Practical Data Access Minimization in Trigger-Action Platforms


Trigger-Action Platforms (TAPs) connect disparate online services and enable users to create automation rules in diverse domains such as smart homes and business productivity. Unfortunately, the current TAP design is flawed from a privacy perspective, since it has unfettered access to sensitive user data. We point out that TAPs suffer from two types of overprivilege: (1) attribute-level, where it has access to more data attributes than it needs for running user-created rules; and (2) token-level, where it has access to more APIs than it needs. To mitigate overprivilege and subsequent privacy concerns we design and implement minTAP, a practical approach to data access minimization in TAPs. Our key insight is that the semantics of a user-created automation rule implicitly specifies the minimal amount of data it needs. This allows minTAP to leverage language-based data minimization to apply the principle of least-privilege by releasing only the necessary attributes of user data to the TAP. Using real user-created rules on the popular IFTTT TAP, we demonstrate that minTAP on average sanitizes 3.7 sensitive data attributes per rule, with tolerable performance overhead and without modifying IFTTT.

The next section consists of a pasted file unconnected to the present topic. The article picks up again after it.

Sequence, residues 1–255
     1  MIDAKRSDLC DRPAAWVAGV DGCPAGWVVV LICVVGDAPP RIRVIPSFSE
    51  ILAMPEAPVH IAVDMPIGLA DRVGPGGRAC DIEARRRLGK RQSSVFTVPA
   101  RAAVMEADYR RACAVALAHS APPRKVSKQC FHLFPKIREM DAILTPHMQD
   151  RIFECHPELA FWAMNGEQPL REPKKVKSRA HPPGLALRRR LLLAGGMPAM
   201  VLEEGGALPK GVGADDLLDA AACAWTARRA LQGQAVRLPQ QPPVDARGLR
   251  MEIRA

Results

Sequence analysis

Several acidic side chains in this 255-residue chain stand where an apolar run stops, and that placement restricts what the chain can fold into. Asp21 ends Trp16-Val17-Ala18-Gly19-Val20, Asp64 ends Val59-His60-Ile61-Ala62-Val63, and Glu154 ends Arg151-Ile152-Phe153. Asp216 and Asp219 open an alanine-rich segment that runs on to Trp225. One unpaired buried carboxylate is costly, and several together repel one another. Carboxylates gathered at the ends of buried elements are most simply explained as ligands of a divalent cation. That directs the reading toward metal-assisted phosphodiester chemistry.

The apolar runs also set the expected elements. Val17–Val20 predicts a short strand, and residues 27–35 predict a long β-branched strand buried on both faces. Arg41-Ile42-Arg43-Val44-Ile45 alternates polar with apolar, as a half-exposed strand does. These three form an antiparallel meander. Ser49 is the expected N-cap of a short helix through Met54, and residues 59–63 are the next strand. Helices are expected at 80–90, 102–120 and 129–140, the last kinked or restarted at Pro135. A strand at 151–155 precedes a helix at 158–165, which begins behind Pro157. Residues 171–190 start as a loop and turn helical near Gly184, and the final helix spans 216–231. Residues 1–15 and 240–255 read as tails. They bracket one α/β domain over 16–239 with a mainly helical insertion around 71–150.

Joint work with Yunang Chen, Mohannad Alhanahnah, Rahul Chatterjee, and Earlence Fernandes, to appear in USENIX Security 2022.

Oct 8, 2021 12:00 AM